5. Finally, if the doctrine of our text be admitted, it is evident that a consciousness of the deepest unworthiness, is consistent with the most confident and joyful hope toward God. If our hope of divine acceptance were founded, either in whole or in part, on the merit of our own obedience, how could any reflecting mind, conscious of so much imperfection as attends our best services, cherish any thing approaching to a joyful assurance of the favor of God? Especially, if we were called to the dying bed of a penitent sinner, who had devoted his whole life to folly and sin, and was made willing to take refuge in the mercy of the Gospel at the last hour; what consolation could we administer to him, what hope could we encourage him to cherish, when he looked back on a life marked with so much defect and disobedience? Truly none. Doubt, anxiety, and fearful apprehension must reign in the purest minds. The most deeply spiritual minds would be most distressingly conscious of delinquency and corruption. But open to an awakened and anxious sinner the plan of mercy through a Redeemer. Unfold to his view the wonderful method by which righteousness and peace meet together, and justice and mercy embrace each other. Proclaim to him, that Jesus is a present and almighty Saviour, from the guilt of sin, by his most precious atoning blood; and from the power of sin, by his Holy Spirit. Show him that, although his own righteousness is but as" filthy rags," the Divine Mediator has finished transgression, made an end of sin, made reconciliation for iniquity, and brought in everlasting righteousness; so that God can now be rigorously just and yet save sinners; that in his infinite wisdom and love he has devised a plan by which, while the mightiest testimony of Jehovah's throne is borne against sin, the sinner is pardoned; by which justice is perfectly satisfied, while mercy is extended to the most guilty and polluted :-in a word, show him how all the rights of God's government are fully maintained, and even gloriously magnified, and yet a method devised of securing pardoning mercy and sanctifying grace, even to the chief of sinners; of providing a righteousness" perfect and entire, wanting nothing," to justify us before the face of our Heavenly Father, and to secure a title to eternal blessedness at his right hand, tell the convinced sinner of all this, and light breaks in upon his mind. His drooping head is lifted up. His heart is filled with confidence and joy. He sees the darkness all cleared away, and an eternal Rock on which he can rest his soul. The way of acceptance appears adequate to all his wants and desires, and worthy of the infinite wisdom and love which devised it. From the fullness of a believing and grateful heart he can say "This is all my salvation and all my desire. My soul doth magnify the Lord, and my spirit doth rejoice in God my Saviour. Surely in the Lord Jesus have I righteousnes and strength. Thanks be unto God who giveth me the victory through my Lord Jesus Christ." Amen.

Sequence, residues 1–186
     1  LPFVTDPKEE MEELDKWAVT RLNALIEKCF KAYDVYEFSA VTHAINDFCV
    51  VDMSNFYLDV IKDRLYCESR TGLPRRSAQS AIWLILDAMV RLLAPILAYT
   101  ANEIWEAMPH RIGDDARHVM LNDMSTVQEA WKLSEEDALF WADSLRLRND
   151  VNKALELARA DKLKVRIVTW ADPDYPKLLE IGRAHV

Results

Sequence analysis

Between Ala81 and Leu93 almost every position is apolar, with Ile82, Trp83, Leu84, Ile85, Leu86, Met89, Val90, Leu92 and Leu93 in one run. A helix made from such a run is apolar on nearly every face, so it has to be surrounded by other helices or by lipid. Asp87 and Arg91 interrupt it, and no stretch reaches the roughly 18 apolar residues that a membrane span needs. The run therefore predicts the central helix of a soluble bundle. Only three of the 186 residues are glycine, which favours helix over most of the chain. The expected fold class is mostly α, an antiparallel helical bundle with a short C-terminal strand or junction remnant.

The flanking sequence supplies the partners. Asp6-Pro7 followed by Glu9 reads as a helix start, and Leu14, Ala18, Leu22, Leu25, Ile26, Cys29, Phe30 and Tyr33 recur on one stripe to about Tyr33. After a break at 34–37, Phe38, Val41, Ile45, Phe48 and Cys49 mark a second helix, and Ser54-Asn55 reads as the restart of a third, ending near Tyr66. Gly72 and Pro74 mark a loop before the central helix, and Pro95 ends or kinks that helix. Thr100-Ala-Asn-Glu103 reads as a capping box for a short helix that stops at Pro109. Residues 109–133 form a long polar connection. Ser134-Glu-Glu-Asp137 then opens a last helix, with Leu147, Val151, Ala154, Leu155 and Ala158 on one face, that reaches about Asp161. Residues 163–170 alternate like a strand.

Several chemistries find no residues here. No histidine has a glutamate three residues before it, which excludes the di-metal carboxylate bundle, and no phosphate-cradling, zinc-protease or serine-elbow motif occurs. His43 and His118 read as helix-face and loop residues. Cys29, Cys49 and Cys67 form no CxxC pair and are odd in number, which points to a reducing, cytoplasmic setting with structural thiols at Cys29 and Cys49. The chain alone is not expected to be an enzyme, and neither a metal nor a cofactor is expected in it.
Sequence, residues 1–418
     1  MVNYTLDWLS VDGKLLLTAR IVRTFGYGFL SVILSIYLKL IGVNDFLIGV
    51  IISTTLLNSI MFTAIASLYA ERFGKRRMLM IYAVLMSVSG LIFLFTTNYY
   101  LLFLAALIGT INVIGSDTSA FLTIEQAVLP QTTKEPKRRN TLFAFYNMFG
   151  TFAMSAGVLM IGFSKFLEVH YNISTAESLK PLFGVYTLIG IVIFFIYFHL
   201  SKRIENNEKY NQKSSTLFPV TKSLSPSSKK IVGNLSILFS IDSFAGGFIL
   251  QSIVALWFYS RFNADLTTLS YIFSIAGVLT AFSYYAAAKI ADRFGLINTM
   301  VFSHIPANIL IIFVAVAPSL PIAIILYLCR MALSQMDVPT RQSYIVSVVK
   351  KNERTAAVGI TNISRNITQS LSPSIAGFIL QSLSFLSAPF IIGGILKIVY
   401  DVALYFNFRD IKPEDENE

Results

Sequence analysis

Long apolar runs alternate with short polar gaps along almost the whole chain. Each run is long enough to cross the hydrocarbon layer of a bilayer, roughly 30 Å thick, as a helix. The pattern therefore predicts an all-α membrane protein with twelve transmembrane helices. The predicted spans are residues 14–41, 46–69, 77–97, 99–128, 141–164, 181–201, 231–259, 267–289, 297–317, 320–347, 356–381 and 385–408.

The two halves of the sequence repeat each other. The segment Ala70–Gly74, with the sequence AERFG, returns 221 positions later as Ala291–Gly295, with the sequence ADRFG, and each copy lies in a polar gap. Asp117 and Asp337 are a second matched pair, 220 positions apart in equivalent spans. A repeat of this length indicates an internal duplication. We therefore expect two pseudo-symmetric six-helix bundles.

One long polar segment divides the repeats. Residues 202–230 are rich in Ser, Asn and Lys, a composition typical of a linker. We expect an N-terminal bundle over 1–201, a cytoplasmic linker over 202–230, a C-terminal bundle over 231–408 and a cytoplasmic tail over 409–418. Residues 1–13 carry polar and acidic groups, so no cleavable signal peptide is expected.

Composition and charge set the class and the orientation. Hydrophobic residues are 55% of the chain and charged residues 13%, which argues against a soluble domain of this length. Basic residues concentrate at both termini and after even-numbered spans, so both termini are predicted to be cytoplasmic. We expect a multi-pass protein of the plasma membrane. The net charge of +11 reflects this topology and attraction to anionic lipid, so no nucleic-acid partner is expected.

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JOSHUA Xxiv. 15. As for me and my house, we will serve the Lord.

THIS was the resolution of Joshua, the ruler of Israel. He was one of the multitude, who, under Moses their leader, had, by the strong hand of the Lord, been delivered from Egyptian bondage. He had spent forty years in the wilderness, on the journey from Egypt to Canaan; and was one of the only two of the whole multitude who were adults when they came out of Egypt, who were permitted to enter the promised land. On the death of Moses, he had succeeded by divine appointment, to the supreme authority in the nation. He had conducted the tribes of Israel, through Jordan, into Canaan; had led their armies to battle and to victory; and had put them in possession of the promised land.

The nation of Israel had now been in peaceable possession of the land of Canaan, several years; and Joshua had become old, and knew that according to the course of nature, the time of his death was near. Anxious with his latest life to glorify God, and promote the interests of the people, over whom he had presided, he gathered all the tribes of Israel to Shechem, and there addressed them.

In this address he briefly recited God's gracious dealings with them, beginning with the call of Abraham, and carrying them through their history, down to the time when he addressed them. He then applied his address, by exhorting them to fear and serve the Lord, who had thus

VOL. XI. No. 8.